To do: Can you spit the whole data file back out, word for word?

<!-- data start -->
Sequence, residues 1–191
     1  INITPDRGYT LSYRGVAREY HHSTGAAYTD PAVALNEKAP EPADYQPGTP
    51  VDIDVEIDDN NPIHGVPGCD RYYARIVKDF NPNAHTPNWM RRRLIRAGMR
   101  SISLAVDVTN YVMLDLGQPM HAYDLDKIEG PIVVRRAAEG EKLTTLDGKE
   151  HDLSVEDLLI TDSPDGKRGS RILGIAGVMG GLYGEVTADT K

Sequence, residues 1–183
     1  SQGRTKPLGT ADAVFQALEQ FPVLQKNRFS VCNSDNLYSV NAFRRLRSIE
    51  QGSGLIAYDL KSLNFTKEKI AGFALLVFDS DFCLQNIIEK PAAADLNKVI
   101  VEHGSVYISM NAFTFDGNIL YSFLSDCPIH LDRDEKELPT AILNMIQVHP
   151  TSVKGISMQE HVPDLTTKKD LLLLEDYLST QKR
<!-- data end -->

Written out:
Sequence, residues 1–191
     1  INITPDRGYT LSYRGVAREY HHSTGAAYTD PAVALNEKAP EPADYQPGTP
    51  VDIDVEIDDN NPIHGVPGCD RYYARIVKDF NPNAHTPNWM RRRLIRAGMR
   101  SISLAVDVTN YVMLDLGQPM HAYDLDKIEG PIVVRRAAEG EKLTTLDGKE
   151  HDLSVEDLLI TDSPDGKRGS RILGIAGVMG GLYGEVTADT K

Sequence, residues 1–183
     1  SQGRTKPLGT ADAVFQALEQ FPVLQKNRFS VCNSDNLYSV NAFRRLRSIE
    51  QGSGLIAYDL KSLNFTKEKI AGFALLVFDS DFCLQNIIEK PAAADLNKVI
   101  VEHGSVYISM NAFTFDGNIL YSFLSDCPIH LDRDEKELPT AILNMIQVHP
   151  TSVKGISMQE HVPDLTTKKD LLLLEDYLST QKR